Addie is becoming less and less babyish, more and more like a girl. I am catching more and more glimpses of her as a teenager and even adult and it is BREAKING.MY.HEART. Motherhood, terrifying. I am reading Little Town on the Prairie and it is always so helpful to see Ma's lifestyle and parenting skills because they really contrast starkly to current parenting styles. I read a part in which Laura is getting a calf to drink milk, a regular morning chore for her. The description sounded exactly like my life right now: constant messes, little children learning to do things, my clothes and theirs getting dirty. Except Laura is really calm and doesn't get upset, and I see red every time there is a mess or a spill. Especially since Davy was born, I have been uncomfortably more aware of my own shortcomings. It seems to get that way more and more. Yet I am feeling grateful for this awareness too, because that means I have to really take time away from my kids for my spiritual life. And the problem is in me, not in THEM, not in our circumstances, not in not having my dream life conditions right now. There is so much I have to do on my part.
From Little Town on the Prairie by Laura Ingalls Wilder: "Teaching the calf to drnk was not easy, but always interesting. The wobbly-legged baby calf had been born believing that it must butt hard with its litle red poll, to get milk. So when it smelled milk in the pail, it tried to butt the pail. Laura must keep it from spilling the milk, if she could, and she had to teach it how to drin, becasue it didn't know. She dipped her fingers into the milk and let the calf's rough tongue suck them, and gently she led its nose down to the milk in the pail. The calf suddenly snorted milk into its nose, sneezed it out with a whoosh that splashed milk out of the pail, and then with all its might it butter into the milk. It butted so hard that Laura almost lost hold of the pail. A wave of milk went over the calf's head and a splash wet the front of Laura's dress. So, patiently she began again, dipping her fingers for the calf to suck, trying to keep the milk in the pail and to teach the calf to drink it. In the end, some of the milk was inside the calf." (chapter "Springtime on the claim")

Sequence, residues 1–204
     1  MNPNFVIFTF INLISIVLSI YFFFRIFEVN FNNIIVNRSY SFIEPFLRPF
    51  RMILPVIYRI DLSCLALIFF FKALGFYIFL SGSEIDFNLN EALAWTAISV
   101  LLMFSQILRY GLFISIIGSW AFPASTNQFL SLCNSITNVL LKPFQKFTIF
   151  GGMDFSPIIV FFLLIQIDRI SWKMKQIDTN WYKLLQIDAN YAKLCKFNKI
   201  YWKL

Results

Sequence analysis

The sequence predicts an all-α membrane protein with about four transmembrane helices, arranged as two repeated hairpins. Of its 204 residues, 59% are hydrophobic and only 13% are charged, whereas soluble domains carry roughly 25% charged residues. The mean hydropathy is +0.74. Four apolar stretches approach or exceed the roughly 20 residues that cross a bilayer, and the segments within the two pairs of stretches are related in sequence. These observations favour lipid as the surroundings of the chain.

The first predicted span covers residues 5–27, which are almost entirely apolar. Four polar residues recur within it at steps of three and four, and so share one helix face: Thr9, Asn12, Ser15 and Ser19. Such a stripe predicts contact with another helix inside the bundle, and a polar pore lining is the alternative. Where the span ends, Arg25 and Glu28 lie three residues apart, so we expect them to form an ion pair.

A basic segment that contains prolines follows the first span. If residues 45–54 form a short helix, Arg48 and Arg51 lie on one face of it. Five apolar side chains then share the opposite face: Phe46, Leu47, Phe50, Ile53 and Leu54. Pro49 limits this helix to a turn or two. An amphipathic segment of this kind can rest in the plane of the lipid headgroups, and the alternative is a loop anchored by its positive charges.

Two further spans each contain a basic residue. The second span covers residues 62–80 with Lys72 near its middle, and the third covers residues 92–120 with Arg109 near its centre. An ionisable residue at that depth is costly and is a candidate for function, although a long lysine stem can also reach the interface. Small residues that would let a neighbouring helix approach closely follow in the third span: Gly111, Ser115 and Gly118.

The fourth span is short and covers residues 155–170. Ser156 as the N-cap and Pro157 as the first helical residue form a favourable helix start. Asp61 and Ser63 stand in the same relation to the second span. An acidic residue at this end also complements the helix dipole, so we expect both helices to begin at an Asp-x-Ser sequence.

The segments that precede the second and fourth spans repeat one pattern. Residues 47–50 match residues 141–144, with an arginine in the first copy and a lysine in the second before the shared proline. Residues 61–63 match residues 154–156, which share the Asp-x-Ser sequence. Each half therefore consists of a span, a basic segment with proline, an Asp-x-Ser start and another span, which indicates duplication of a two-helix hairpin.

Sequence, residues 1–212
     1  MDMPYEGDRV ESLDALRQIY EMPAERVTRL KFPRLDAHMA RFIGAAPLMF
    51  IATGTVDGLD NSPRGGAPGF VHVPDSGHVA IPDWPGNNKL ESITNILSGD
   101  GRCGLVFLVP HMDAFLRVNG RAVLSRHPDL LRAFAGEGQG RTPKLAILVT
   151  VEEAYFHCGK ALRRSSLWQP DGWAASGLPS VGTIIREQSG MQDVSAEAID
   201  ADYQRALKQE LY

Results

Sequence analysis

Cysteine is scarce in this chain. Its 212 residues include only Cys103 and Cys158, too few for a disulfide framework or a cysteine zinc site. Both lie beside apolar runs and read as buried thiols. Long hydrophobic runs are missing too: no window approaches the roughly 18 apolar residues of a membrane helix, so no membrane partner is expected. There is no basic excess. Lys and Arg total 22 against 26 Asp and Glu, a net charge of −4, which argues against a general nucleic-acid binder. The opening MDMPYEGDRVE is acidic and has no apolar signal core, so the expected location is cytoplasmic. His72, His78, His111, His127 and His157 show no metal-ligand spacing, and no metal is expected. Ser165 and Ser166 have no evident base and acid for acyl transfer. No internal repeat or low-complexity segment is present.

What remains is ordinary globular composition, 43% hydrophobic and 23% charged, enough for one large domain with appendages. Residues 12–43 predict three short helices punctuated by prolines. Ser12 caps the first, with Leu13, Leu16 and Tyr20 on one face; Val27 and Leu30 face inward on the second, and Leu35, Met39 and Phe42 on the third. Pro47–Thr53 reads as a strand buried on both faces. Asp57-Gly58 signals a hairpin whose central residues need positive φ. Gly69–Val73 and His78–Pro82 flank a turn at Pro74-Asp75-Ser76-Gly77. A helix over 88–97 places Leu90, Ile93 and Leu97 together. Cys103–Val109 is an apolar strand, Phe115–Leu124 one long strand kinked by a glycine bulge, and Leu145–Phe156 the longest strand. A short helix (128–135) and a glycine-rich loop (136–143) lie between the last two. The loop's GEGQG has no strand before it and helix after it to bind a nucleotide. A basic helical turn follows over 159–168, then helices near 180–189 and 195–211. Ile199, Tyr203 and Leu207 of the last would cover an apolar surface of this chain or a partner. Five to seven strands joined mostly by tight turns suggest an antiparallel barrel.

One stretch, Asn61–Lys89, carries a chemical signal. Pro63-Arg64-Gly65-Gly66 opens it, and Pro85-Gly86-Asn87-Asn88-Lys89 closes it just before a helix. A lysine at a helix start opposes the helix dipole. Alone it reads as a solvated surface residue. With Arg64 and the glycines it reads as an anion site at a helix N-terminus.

"'This earthly life is a battle,' said Ma. 'If it isn't one thing to contend with, it's another. It has always been so, and it always will be. The sooner youmake up your mind to that, the better off you are, and the more thankful for your pleasures.'" (chapter "Blackbirds")
I listened to this podcast called "Oh, Motherhood" and thought some parts were really funny, especially comparing toddlers to "little drunk people." Tooooootally. I also really liked how they said they are alway "recallibrating" when it comes to their prayer lives. And how hard it is to take small children to mass. I HEAR YA. I am also always recallibrating our daily schedule, my prayer life, my priorities, our family traditions, our priorities, education, our goals, etc. On one hand, that's what makes this phase of young motherhood so beautiful also: you are completely defining your family. Drawing on a blank slate. You can erase and start over, or erase and make adjustments. As kids get older, you get more ingrained in your parenting habits and decisions and it's harder to make big changes. But now everything inspires me.
It's also really, really hard because of this blank slate. I am always discerning, always unsure, always changing things due to their development changes and surprises. I try to set a priority, but then a million things take over. My three-year-old not napping every now and then has been KILLING ME. Her moodiness and uncontrollability has been killing me too. Being pregnant and trying to do things at night, then not sleeping well, then regretting it terribly the next day has also been killing me. But in general I am excited with the planning of this school year and its activities and schedules. Addie is getting older and it's exciting to have more options with what to do. Last year around this time I was so depressed and stressed out about it, but a year later we are in a completely different and better phase.
Auntie Leila linked to an article called "Cure Yourself of Tree Blindness" and it's the most amazing article. An answer to my most recent problems. I just wish I had a tree walk or a course close to me. The article starts out with: